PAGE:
Raji: An Ancient Epic PS4 Review – Raji: An Ancient Epic was developed by Nodding Heads Games and published by Super.com. It’s a 3D action platformer that tells the story of Raji on her journey to save her brother from the lord of the demons Mahabalasura. On her way she’ll encounter hordes of demons to fight, demi-gods to overcome and eventually come face-to-face with the great Mahabalasura himself.
Raji: An Ancient Epic PS4 Review
There’s Poetry In Everything
Playing Raji: An Ancient Epic feels like playing through an epic poem.The storytelling in gameplay and in cutscenes just makes me want to curl up and read Dante again. I love it when different works of art inspire me to revisit something I’ve left behind or rediscover a love for a genre or style I once had. It is so poetic in its execution of the narrative and so visually stunning that I spent at least 20 minutes across each level in the game just looking around and taking pictures.
The story is set in ancient India and is rich with Hindu and Balinese mythology. Raji’s adventure is even narrated by Durga and Vishnu, two Hindu gods who assist Raji throughout the game. It all begins when an army of demons begin attacking Earth and Raji along with her brother Golu are trapped in the middle of a great war. They are separated in the process and Raji vows to find her brother, and save him from the demon’s wrath.
Along the way Vishnu and Durga provide insight into the many myths and tales depicted either through beautiful stone canvases or shadow puppet cutscenes that are intricately detailed in their design and further lift the poetic voice of the storytelling. It was always intriguing to hear Vishnu describe the events being depicted in some of the stunning paintings, and learn more about some of the characters within the story and other Hindu or Balinese myths.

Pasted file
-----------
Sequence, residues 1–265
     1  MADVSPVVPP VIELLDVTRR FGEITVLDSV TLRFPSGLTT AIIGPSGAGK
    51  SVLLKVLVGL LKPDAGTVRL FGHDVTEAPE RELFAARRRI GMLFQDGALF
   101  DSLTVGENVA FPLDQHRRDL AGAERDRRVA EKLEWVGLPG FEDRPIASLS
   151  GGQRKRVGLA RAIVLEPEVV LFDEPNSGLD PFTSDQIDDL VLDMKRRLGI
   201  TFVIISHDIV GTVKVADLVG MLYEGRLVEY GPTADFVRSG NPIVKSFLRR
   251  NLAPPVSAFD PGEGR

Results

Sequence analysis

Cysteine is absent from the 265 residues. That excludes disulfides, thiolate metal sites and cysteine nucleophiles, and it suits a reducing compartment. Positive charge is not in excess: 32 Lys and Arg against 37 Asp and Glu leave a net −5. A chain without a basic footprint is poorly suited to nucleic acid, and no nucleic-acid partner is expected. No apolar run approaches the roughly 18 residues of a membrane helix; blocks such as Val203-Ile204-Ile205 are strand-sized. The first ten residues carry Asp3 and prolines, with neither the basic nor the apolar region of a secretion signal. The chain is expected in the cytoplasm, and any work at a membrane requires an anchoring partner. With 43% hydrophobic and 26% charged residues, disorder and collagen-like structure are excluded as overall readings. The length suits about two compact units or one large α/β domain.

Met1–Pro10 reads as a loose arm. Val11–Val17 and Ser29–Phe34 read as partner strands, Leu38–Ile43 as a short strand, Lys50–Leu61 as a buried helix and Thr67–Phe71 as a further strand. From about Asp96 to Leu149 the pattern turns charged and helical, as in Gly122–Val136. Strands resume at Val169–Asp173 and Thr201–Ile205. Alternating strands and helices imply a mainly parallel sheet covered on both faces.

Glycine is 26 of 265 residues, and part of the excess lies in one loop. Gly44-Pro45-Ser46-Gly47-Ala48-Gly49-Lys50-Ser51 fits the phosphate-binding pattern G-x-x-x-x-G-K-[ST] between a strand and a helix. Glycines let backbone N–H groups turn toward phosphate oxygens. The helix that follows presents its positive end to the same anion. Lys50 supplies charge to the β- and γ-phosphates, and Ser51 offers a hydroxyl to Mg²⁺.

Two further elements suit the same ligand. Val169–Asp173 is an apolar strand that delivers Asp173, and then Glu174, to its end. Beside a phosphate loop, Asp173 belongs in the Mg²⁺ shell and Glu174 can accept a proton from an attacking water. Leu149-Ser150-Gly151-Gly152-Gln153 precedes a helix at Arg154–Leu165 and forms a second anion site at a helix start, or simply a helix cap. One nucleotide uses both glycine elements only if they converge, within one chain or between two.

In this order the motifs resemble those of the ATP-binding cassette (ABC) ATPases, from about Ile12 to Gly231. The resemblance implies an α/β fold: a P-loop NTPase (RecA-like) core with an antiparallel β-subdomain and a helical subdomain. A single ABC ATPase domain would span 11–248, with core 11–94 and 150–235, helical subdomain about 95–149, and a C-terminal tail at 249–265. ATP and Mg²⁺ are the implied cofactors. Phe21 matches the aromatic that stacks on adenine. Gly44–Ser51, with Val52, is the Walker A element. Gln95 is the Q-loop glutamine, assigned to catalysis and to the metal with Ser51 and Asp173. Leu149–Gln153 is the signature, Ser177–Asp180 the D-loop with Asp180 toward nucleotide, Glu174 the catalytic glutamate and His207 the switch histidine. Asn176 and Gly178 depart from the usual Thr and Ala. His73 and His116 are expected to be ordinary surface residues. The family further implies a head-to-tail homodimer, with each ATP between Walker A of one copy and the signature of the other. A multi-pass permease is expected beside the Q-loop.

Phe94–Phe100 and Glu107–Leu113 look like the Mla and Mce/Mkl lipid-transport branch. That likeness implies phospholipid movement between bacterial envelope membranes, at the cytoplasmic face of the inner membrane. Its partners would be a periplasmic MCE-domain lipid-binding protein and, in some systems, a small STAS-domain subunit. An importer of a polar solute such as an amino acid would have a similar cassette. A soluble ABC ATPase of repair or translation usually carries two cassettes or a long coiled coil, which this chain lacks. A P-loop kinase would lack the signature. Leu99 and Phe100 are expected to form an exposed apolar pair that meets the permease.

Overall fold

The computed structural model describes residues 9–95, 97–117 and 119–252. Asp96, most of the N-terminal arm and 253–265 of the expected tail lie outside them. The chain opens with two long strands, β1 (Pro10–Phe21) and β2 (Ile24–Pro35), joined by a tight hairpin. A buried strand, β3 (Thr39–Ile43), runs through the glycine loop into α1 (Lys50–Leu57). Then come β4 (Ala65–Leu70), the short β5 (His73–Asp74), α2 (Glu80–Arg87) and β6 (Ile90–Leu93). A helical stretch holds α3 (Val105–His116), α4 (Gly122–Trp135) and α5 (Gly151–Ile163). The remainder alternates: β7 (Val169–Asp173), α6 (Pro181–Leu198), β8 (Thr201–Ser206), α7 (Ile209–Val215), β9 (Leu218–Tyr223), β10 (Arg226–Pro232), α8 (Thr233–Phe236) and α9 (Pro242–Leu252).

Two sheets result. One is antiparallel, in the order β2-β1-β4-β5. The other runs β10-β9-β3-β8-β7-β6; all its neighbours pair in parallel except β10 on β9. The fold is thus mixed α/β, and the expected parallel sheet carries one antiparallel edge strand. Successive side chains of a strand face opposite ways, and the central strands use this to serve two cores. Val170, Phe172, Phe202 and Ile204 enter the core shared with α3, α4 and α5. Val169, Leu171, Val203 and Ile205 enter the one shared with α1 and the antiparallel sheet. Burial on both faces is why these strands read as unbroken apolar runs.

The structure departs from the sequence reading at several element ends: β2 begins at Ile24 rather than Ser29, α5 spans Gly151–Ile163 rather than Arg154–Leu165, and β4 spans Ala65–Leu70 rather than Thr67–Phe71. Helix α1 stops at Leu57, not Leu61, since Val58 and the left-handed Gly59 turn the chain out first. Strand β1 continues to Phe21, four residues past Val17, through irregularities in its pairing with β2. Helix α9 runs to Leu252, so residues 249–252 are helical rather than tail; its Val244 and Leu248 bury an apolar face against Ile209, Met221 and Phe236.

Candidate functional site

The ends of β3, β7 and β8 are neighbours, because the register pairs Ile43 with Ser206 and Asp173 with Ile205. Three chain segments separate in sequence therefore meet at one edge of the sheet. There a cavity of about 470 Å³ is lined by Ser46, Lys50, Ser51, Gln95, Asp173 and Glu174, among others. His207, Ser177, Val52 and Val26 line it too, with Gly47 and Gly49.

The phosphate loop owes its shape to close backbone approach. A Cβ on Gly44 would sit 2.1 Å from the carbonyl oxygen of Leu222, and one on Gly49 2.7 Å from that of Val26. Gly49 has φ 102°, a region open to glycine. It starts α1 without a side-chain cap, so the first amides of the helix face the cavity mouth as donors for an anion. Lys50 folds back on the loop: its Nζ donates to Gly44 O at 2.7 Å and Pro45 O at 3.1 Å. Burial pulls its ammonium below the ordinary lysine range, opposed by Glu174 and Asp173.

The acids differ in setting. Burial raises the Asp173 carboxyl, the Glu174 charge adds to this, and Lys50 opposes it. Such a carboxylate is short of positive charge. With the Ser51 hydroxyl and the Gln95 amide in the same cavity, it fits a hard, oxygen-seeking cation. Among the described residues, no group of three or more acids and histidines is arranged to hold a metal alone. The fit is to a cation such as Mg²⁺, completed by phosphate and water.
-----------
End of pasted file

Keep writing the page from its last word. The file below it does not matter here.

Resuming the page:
Raji collects four different main weapons across the course of the campaign, and each brining different tactical advantages for different encounters. Raji’s spear, bow, sword and shield can also be upgraded to suit different abilities. Frost, electricity and fire abilities can be paired to each of the weapons individually or all together if you have a preference and they each represent blessings given to Raji by different gods.
Durga is represented by electricity, Vishnu by fire and Shiva by frost. The combat also utilises the environment and jumping off surfaces to perform widespread attacks to charged ground slams that are both effective and stylish.
The final aspect in what makes Raji: An Ancient Epic feel like playing through an epic poem is that the story drives you straight from beginning to end and doesn’t take very long to complete. It accomplishes an incredible amount in the approximately six hours of gameplay. With the multitude of open world games available and more to come, this was a great breath of fresh air with regards to the story being quite linear.
It’s Not All Smooth
While Raji does successfully execute on delivering an incredible game that is both visually stunning and fun to play, unfortunately the PS4 version does not feel as optimized as it should be. Frame rate dips interrupt the fluidity combat is supposed to have, and I even had a glitch which did not load the final enemy in an encounter, which meant I couldn’t progress further and I ultimately had to quit out of the game and restart it.